Workers buried the 30-pound gopher tortoise on a Lee County construction site, its shell crushed by a backhoe. Two weeks later, despite a spinal injury, the determined tortoise dug its way out.
The remarkable resurrection led a wildlife expert to nickname the 16-inch-long tortoise "Phoenix." It was the largest gopher tortoise ever found in the wild. It died last week.
For 16 years, Florida officials have allowed developers to bury tortoises alive and pave over their burrows, in exchange for paying money into a fund to buy land for tortoises elsewhere. Because of their low metabolic rate, tortoises can take months to suffocate under convenience store parking lots, shopping centers and new subdivisions.
By this year, the state's pay-to-pave program had issued permits to bury more than 94,000 tortoises. Now the species is in sharp decline, and tortoise experts blame the permitting program.
"It's a massive loss of tortoises," said George Heinrich of Heinrich Ecological Services in St. Petersburg and a former co-chairman of the Gopher Tortoise Council, a group of biologists concerned about the animal's future.
State wildlife officials have decided to end the program by July 31, prompting a rush by developers to beat the deadline. Up to a dozen applications a week have been sent in for the last permits to kill tortoises, according to Rick McCann, who runs the permit program for the Florida Fish and Wildlife Conservation Commission.
Four months ago, for instance, the Orlando-Orange County Expressway Authority got a permit to kill more than 400 tortoises whose burrows were in the path of a new highway.
Before the bulldozers could crank up, the Humane Society of the United States lodged a protest. Last month the expressway authority agreed to drop its plans to kill the tortoises and agreed to move them to a tortoise preserve area in the 48,000-acre Nokuse Plantation in the Panhandle.
The Humane Society is eager to see the pay-to-pave program end, said Jennifer Hobgood, program coordinator in the society's Tallahassee regional office.
But Hobgood is concerned about the rush to beat the deadline. The permits the state wildlife commission are issuing now have no expiration date, so developers who get them can use them any time in the future.
"They would be permitted to kill limitless numbers of tortoises indefinitely," Hobgood said.
No one knows for sure how many gopher tortoises there are, but there are more in Florida than anywhere else.
But the habitat gophers favor also is popular with developers. By 2003, more than 1.7-million acres of Florida land that was once gopher tortoise habitat had been turned into home sites, roads, shopping centers and the like, according to the wildlife commission.
In 1979, state wildlife officials included them on a list of imperiled animals as a "species of special concern." That meant no one could harm or harass one without the state's permission.
Since 1991, developers who wanted to build in gopher tortoise habitat could choose between two state-authorized solutions: write a check to the state and pave over the burrows, suffocating the occupants; or pay someone to find all the gopher tortoises and move them.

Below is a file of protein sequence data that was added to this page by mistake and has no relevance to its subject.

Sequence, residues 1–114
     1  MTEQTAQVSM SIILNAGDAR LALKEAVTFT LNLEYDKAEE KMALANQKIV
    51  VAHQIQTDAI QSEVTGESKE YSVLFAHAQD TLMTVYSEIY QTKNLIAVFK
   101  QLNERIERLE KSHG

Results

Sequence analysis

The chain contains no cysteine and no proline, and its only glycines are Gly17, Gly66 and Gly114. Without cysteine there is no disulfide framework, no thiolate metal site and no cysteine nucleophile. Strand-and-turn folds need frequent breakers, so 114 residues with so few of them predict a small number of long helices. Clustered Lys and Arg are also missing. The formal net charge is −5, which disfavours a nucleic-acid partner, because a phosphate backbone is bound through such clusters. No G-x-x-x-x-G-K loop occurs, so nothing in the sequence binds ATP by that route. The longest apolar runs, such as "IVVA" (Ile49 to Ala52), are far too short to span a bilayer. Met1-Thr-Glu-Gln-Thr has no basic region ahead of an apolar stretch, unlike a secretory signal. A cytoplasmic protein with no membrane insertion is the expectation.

Moving the tortoises was the feel-good choice, McCann said, but it didn't always work. The tortoises often tried to find their way home, only to be run over. Or they carried a respiratory disease that then spread to other tortoises already on their new home turf.
For a while, the state required developers who wanted to relocate tortoises to pay to test them for the disease first, making that option much more expensive than paying to kill the tortoises.
McCann contended that the pay-to-pave program was, in a way, better for tortoises, because the money collected from developers was used to buy and preserve 25,000 acres of tortoise habitat.
But that makes up for only one-fifth of the habitat that's been wiped out, Hobgood said.
Meanwhile, the government has sanctioned suffocating tens of thousands of the animals.
In a report last summer, a panel of state wildlife experts, including University of South Florida professor Henry Mushinsky, estimated that the population of gopher tortoises in Florida has declined by more than half in the past 60 to 90 years. That persuaded state officials to take the first step toward bumping the tortoise up to "threatened," one rung below "endangered."
The change is long overdue, said Matt Aresco, conservation director of Nokuse Plantation.
"For too long the wildlife commission has looked at it project by project without really evaluating the cumulative effect of the policy," Aresco said. "The result has been a drastic reduction in the statewide population and distribution of the species."
The state is looking at new permitting rules that would eliminate the suffocation of tortoises and set standards for relocating them designed to eliminate some of the more common problems.
Wildlife commissioners are scheduled to discuss a draft of a plan when they meet next month in Melbourne. They should be ready to vote on changing the species' status to threatened in September when they meet in St. Petersburg.
About the species
Common name: Gopher tortoise
Scientific name: Gopherus polyphemus
Nickname: "Hoover chicken" during the Depression
Average size: 9 to 11 inches long, 15 pounds
Habitat: They dig 14-foot-deep burrows in sandy soil
Food: Grasses and fruit
Reproduction: Females lay a clutch of five to nine eggs once a year
Biggest threat: Habitat destruction